Thursday, January 16, 2014

A Heap of Compost

Putting the worms back in the farm after
taking out the bulk of the worm 'poo.' 
I have recently tipped out the worm farms to extract the worms from the rich, nutritious plant food they created. The problem is that there were so many tiny baby white worms I can't bring myself to put it on the garden for fear of all the lost potential! Instead, I am going to 'seed' the magnificent compost heap my son Tom has made...when it has finished composting and is moved to some shade in the garden.

I must tell you about this compost. A couple of months ago Tom and Rossco (hubby) did a concrete contract at a cattle station up the road which involved the loader and the truck. Having unloaded the bulk bags of cement etc there was space on the back of the truck and, fortunately for us, the station people had recently cleaned out their cattle yards, creating a huge pile of manure mixed with hay and a bit of dirt. Tom asked if they would like some help to remove the pile, to which the answer was, "Yes!" He promptly transferred three loader buckets full on to the back of the truck.

We contemplated using this manure on the garden as is, but then came up with the inspired idea of mixing it with scrapings from the sheep yards (more broken down hay and sheep manure), rakings from the chook yards and the large pile of dry debris (leaves, grass clippings etc) from the garden that had accumulated over a couple of years.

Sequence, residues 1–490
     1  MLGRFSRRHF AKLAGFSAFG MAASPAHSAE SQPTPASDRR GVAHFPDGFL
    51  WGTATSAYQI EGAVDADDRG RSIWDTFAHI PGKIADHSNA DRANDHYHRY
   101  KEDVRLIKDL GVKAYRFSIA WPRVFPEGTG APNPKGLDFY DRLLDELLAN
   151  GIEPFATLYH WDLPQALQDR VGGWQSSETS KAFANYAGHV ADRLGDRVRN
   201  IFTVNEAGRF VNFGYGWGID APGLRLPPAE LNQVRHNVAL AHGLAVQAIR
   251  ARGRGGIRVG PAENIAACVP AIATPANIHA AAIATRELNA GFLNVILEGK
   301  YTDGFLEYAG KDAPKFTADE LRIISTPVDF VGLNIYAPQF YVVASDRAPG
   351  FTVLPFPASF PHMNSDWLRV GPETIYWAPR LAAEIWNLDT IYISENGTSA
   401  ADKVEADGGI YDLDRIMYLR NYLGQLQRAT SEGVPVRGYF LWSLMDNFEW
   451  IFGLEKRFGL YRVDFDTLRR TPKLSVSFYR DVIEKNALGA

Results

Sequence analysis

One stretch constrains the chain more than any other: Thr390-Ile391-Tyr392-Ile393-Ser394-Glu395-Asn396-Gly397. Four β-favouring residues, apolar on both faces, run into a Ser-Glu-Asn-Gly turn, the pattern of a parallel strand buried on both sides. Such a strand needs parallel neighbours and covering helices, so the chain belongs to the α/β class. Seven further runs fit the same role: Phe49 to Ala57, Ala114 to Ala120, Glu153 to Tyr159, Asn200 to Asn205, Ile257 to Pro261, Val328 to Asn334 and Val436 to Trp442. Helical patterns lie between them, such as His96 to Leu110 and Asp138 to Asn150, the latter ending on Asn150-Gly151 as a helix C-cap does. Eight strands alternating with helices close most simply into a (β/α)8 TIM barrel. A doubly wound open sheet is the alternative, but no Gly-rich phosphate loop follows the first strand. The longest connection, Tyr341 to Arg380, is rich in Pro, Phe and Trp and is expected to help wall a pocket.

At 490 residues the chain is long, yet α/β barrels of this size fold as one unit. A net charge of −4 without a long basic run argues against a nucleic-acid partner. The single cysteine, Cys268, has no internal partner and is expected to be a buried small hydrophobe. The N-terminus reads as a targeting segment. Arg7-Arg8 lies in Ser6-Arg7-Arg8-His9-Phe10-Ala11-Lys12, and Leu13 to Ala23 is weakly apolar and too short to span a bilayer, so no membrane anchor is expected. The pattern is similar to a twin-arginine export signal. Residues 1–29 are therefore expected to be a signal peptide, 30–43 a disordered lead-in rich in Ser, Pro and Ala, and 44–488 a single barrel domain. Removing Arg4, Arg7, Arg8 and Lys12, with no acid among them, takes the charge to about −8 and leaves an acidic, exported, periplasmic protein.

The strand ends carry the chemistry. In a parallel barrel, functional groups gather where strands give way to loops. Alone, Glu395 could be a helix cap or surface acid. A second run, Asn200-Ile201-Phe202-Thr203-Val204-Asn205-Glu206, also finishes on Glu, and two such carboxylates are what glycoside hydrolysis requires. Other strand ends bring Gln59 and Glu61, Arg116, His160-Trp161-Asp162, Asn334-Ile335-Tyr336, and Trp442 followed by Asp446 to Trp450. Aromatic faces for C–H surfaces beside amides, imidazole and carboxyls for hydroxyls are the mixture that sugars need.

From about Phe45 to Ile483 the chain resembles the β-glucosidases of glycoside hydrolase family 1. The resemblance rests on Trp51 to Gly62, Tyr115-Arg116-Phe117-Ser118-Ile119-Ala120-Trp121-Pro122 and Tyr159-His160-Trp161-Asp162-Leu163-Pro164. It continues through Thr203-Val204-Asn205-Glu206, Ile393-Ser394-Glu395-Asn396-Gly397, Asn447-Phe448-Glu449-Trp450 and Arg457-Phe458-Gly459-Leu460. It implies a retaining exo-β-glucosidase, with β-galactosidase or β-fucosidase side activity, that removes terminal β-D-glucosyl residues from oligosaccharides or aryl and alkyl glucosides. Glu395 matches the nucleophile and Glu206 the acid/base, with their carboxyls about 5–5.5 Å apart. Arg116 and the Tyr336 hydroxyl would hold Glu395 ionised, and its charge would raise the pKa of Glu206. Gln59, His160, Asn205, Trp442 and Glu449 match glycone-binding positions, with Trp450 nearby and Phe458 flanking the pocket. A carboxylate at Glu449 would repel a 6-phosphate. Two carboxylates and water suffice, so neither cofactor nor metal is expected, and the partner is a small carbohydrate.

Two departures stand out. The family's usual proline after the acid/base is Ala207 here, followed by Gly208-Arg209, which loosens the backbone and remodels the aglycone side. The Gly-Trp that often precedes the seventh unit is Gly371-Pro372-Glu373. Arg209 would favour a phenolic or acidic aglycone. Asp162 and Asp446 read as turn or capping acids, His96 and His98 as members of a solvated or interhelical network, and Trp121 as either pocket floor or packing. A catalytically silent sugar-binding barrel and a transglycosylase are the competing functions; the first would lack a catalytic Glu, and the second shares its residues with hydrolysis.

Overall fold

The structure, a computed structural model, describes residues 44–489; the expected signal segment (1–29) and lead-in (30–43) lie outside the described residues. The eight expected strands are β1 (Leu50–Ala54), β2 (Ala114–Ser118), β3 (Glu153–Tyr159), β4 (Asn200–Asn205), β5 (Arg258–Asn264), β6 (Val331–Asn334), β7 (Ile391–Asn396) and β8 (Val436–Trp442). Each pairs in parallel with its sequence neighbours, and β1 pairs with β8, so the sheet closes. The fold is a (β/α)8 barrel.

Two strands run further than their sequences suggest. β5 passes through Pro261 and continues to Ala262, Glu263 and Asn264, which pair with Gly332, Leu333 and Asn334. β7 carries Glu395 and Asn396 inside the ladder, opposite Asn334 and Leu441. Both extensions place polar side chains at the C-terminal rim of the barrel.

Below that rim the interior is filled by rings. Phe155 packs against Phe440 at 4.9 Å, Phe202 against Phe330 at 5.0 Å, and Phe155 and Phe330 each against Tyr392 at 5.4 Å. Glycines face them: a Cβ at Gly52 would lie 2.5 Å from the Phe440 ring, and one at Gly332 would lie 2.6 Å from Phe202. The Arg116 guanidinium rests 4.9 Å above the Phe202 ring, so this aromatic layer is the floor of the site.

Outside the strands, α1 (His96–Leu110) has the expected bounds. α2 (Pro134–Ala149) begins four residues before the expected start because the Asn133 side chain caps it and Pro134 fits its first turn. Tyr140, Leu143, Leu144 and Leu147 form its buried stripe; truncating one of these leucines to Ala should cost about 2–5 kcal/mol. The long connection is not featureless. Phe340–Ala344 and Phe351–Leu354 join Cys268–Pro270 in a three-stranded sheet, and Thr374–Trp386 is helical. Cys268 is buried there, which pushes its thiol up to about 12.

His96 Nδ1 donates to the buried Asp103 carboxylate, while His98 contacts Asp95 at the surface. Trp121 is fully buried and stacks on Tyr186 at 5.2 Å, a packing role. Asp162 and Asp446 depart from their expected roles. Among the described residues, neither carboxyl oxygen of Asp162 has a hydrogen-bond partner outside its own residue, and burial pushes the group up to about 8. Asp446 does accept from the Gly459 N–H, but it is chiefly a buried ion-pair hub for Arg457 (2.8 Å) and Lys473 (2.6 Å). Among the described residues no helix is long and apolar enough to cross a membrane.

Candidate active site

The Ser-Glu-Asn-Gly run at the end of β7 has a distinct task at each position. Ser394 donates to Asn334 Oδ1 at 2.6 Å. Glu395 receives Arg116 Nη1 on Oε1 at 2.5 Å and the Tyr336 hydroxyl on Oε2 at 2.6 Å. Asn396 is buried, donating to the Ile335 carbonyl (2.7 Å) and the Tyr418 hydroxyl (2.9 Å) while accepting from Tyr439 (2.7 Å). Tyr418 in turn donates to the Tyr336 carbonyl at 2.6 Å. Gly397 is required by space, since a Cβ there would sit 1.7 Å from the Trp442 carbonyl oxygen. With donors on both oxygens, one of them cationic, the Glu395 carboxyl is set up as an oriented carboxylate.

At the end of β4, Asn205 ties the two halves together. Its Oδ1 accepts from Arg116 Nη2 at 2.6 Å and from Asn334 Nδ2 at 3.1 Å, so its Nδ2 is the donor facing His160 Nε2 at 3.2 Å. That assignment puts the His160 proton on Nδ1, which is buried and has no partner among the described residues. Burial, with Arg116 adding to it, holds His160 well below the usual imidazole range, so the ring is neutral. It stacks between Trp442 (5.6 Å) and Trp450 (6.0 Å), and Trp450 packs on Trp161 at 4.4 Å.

A few years ago we bought a special loader bucket for mixing cement, sand, aggregate and water into concrete.
We discovered that shire councils also use them for mixing compost. So, here (left) is Tom adding water  while the auger inside the bucket churns the mix. On the right is the lovely dark, damp pre-composted mixture, before being tipped out and added to the pile. (below left)

Tom has been turning the pile with the loader about every six or seven days, spraying with water when it gets a bit dry on the surface. It is starting to cool down now but at its peak the internal temperature got up around 70 degrees, which hopefully killed any weed seeds.

I love this gardening with machines business! Imagine trying to make this quantity of compost using a spade. It'd be a Herculean task. You could do this on a smaller scale using a normal cement mixer. A compost pile only needs to be about a cubic metre to get nice and hot in the middle.

I am really excited about having such a great quantity of compost to use on the veggie garden this year. Normally I just use straight sheep manure, spread about seven centimetres thick on top of the bed and then dug in. And now that we have meat sheep rather than merinos our sheep manure supply under the shearing shed is getting scarily low.  Actually we haven't got many sheep at all now, having had to sell nearly all of them due to the impact of wild dogs and drought.

On the right is the whole pile, about 6 weeks or so into the composting process. It's hard to get perspective on the size of it without a person or machine standing next to it but it is about as high as me.... 5'7".

So, watch this space. At about the end of March I will start the veggie garden up for winter and I can't wait to plant some seeds into this beautiful stuff!

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